SAP calculations are used to predict the energy efficiency of new domestic buildings. If you are constructing a new house or flat in the UK you will need to have SAP calculations completed by an accredited energy assessor in order to obtain an EPC on completion of your property. You may also require SAP calculations for an extension depending upon its size and nature. If you are unsure if you require calculations for an extension then please contact us or your building control officer to discuss this.
For new dwellings, a SAP calculation and a Predicted EPC should be submitted to building control before construction work is started. However, we often find clients only discover that they need SAP calculations at the end of their project, once the building has been constructed. This is not the way the system is intended to work. Leaving it this late can also make compliance much more difficult and expensive. If your building requires improvements to meet the minimum energy standards required, you may find you have to redo parts of the construction to retrofit improvements. Involving us early in the project (at the design phase) can not only prevent this but also save you money. Our experienced assessors can help advise you, helping you comply in the most efficient manner for your specific building.
A SAP calculation for a new dwelling is a desktop exercise. The client or their designer submits drawings, plans and specifications of the development to the accredited assessor for use in the calculations. It is recommended that the SAP calculation is undertaken early in the design process, this will help to prevent any costly redesign of the dwelling.
A full SAP calculation will usually involve 4 key stages:
- As Designed (Draft)
- As Designed (Final)
- As Built (Draft)
- As Built (Final)
Building Regulations are an area of legislation that has now been devolved in the United Kingdom to each of the different administrations. At the moment the rules in England and Wales are essentially the same, however different rules and systems apply in Scotland and Northern Ireland. Additionally, some areas have additional requirements as part of the planning process. Here at Rowleys Commercial Energy Assessment Limited, our assessors are used to working with your building control officer to help you through this complex process wherever your building is located.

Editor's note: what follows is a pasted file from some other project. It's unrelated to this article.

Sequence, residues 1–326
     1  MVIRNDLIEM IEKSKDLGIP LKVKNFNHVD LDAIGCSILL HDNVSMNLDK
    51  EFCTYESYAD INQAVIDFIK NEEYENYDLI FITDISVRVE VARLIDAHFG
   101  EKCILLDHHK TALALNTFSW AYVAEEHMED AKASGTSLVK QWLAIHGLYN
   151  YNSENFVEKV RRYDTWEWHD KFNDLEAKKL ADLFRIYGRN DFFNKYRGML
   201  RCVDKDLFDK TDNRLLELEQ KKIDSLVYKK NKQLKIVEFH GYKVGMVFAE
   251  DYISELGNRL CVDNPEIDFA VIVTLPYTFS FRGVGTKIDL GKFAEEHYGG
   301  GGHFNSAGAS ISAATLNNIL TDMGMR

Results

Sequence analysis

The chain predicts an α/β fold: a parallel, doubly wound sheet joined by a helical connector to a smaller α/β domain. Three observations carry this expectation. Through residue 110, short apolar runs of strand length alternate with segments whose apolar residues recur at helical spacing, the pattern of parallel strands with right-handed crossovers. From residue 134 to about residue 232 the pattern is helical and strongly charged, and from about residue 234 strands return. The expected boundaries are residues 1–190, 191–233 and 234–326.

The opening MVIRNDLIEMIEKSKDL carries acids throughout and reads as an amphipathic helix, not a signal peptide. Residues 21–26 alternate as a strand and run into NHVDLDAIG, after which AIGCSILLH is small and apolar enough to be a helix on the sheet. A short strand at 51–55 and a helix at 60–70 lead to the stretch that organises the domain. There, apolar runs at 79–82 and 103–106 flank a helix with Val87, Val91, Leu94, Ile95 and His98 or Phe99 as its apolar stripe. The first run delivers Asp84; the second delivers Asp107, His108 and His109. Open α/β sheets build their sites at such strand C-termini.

The cost of SAP calculations can vary significantly depending of the size and complexity of your project. Please contact us for a quotation supplying as much information about your project as you can. We are always happy to discuss your specific requirements with you.
FAQ: SAP Calculations
Once construction is complete and the final details have been confirmed, the assessor finalises the SAP calculation and creates the Energy Performance Certificate. The EPC provides a rating of energy performance based upon the dwelling as it has been built. The EPC must, by law, be displayed in a new dwelling put up for sale on the open market.
In addition there are other documents that are required by Building Control such as the SAP worksheet report and the SAP data input report. The assessor will provide all of these documents to the client to pass on to their Building Control officer to enable the completion to be signed off. The exact process here depends upon the location of your building as the system is different is some parts of the UK.
During construction it may be necessary to make some amendments to the design. Keeping your assessor informed during this process and seeking their advice prior to confirming any changes will help to ensure that your finished building will comply with the regulations.
Once construction is complete an air pressure test (sometimes called an air tightness test or air leakage test) may be required. This test confirms the air tightness of the finished building to ensure it is energy efficient. Once the test is complete you will need to provide details to your energy assessor. If an air pressure test is not required you may still wish to obtain one. If the result of a test is not available then the assessor will use a default value in the SAP calculations which is worse than most well constructed buildings will obtain. Having a test conducted voluntarily is likely to improve your final rating and help demonstrate that you have complied with the regulations.
During this stage the assessor will edit the SAP calculation to reflect the results of the air pressure test and any variations to the specification. The approved software is used to check that the completed dwelling still meets the requirements of the Building Regulations with regards to the conservation of fuel and power. If for any reason the building does not meet the required standards, the assessor can advise remedial action to get your project back on track.
The assessor will also check to ensure that any new building is registered on the Government’s central database register of national property addresses. If it is not, the assessor will arrange for the address record to be created.